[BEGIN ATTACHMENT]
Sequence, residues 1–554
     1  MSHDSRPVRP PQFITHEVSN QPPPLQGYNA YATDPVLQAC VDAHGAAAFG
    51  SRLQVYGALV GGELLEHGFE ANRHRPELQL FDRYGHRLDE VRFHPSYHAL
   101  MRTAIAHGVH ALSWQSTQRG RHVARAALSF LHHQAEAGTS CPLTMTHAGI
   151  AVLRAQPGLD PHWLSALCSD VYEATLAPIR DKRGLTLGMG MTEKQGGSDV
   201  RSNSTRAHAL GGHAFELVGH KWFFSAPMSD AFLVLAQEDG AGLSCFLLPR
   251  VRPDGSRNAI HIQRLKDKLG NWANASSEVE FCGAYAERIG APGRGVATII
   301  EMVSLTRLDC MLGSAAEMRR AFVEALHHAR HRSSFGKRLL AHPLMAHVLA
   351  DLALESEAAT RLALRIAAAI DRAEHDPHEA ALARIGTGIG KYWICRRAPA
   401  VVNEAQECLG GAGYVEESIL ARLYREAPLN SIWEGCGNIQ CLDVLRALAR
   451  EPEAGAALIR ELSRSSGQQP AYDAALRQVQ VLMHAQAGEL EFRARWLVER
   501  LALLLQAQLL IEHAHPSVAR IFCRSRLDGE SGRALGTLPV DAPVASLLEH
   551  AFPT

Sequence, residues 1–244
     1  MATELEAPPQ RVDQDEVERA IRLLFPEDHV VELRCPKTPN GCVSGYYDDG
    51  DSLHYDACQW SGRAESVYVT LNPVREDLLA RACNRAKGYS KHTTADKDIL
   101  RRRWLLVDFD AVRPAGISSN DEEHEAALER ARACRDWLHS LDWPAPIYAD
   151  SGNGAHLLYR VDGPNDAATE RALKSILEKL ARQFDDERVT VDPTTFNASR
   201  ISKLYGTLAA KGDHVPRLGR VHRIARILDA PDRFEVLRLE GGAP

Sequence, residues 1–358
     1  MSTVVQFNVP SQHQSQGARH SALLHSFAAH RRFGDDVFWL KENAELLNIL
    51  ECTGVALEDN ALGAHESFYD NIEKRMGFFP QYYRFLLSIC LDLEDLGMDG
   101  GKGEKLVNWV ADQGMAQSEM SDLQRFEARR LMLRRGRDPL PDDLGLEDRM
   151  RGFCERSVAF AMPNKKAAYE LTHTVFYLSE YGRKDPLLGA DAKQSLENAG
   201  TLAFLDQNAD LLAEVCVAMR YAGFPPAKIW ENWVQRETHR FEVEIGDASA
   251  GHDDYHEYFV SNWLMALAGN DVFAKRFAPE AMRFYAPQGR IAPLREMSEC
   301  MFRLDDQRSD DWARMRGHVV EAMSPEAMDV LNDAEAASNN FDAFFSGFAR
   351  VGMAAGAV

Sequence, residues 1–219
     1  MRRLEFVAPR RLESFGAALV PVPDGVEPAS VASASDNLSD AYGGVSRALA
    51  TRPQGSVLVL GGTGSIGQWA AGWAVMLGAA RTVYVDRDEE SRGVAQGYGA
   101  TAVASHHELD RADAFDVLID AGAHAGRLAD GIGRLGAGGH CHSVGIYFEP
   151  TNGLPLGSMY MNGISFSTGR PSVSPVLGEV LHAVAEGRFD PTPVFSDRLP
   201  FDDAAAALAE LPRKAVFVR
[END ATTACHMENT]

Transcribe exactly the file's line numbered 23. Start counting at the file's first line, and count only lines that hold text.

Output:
   101  GKGEKLVNWV ADQGMAQSEM SDLQRFEARR LMLRRGRDPL PDDLGLEDRM